Invest in your health - that is my motto for all my patients. This especially hit home today when a young woman walked into my office with a broken spirit. After the birth of her last child and years of fad dieting she is heavier than ever before. With a strong family history of diabetes and heart disease, sustainable weight loss is critical for preventing or delaying diabetes.
We talked for a long time about her motivation and her diet shortcomings. I discovered that what prevented her from achieving her goals was her lack of confidence in herself and her inability to make herself a priority. In the past she relied on pills or quick fixes for weight loss and then threw in the towel when her weight plateaued. She came to me because she needed hope - reason to try again.
I told her to think of her body as an elite care, let's say - a Mercedes. If you spent a great deal of money on a car, wouldn't you want to give it the best fuel possible so that it could last long and run well? Now, I know our body is far from a car, but the analogy makes sense. We only get one body - and it's important to give it the best fuel we can so that we can try our best to prevent disease, increase our energy, and longevity. We all work hard to get the things in life that we want. I have never met one person who doesn't want to be healthy - they just don't know how or where to start. It's never to late to change behaviors, get motivated and adapt a healthy lifestyle.
My patient today left with her head held high - confident that she would start small and continue to work on dietary and exercise changes. She needs a cheerleader - someone to motivate her. I can be that for her when she comes to visit me.
So to all my readers out there - think of this as reassurance - you can change your life. You can start tomorrow. Start small. Get motivated - get a cheerleader.
Yesterday, I asked one of my patients to test her blood sugar during our session. She doesn't test her blood sugar regularly and was eating a diet rich in carbohydrates. To her dismay the glucometer read: 350mg/dL. She had been walking around with high blood sugars for so long that she didn't even realize her sugars were elevated. We came up with a plan together: she would test her blood sugars regularly - morning and two hours after a meal for one week. If her blood sugars were above target range she would cut back on her carbohydrates and schedule an appointment with her physician to assess her medications. One of the best way to pattern manage and prevent hyperglycemia is to test your blood sugar.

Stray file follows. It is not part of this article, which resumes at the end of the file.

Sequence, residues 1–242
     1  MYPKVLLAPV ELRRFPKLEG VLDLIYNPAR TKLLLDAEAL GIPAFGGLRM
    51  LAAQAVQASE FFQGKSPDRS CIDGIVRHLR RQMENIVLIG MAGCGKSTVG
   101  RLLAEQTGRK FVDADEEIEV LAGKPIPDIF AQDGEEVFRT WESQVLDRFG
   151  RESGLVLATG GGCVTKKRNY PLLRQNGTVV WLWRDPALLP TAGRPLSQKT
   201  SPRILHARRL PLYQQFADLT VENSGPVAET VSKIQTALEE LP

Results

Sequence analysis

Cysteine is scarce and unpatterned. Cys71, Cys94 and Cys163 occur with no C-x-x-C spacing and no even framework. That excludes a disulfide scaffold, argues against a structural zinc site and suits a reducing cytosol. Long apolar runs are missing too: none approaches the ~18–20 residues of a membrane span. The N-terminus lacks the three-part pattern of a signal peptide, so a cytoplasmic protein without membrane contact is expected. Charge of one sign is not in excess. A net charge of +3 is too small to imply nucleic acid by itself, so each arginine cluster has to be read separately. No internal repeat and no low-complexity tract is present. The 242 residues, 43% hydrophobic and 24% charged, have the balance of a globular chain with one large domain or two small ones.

One of my favorite things about being a clinician is that I get to experience and share in the successes of my patients. I feel fortunate that I am able to learn from them each day and that I can share my knowledge and their wisdom with all of the people who deal with Type 2 diabetes on a daily basis. Let's be honest - diabetes is not an easy thing to live with. One of the major struggles posed on those with diabetes is weight loss. I was reminded yesterday that even the most simple changes can yield big results that motivate us to make life altering changes.
My patient was a 73-year-old man who had been struggling with Type 2 diabetes for over twenty years. He had denied his diabetes for too long and suffered some serious complications including, renal disease, toe amputations, etc. But, he didn't let it get the best of them. One day he decided he would control his diabetes and not let it control him. His first order of business was to lose weight. After years of fad dieting and quick fixes, he embraced that hard truth that sustainable weight loss would take work and time. But, in the end it would be worth every second as he was going to invest in himself. He started off by eliminating sweetened beverages, cutting back on his portions of carbohydrates, and swimming 10 minutes a day.
In just six months this man was able to reduce his HgbA1c significantly, lose twenty pounds and reduce his insulin needs. His blood sugars are now in the target range for his age and he feels great. His determination for a better quality of life was truly inspiring. He continues to lose weight, exercise, eat healthfully and increase his energy levels.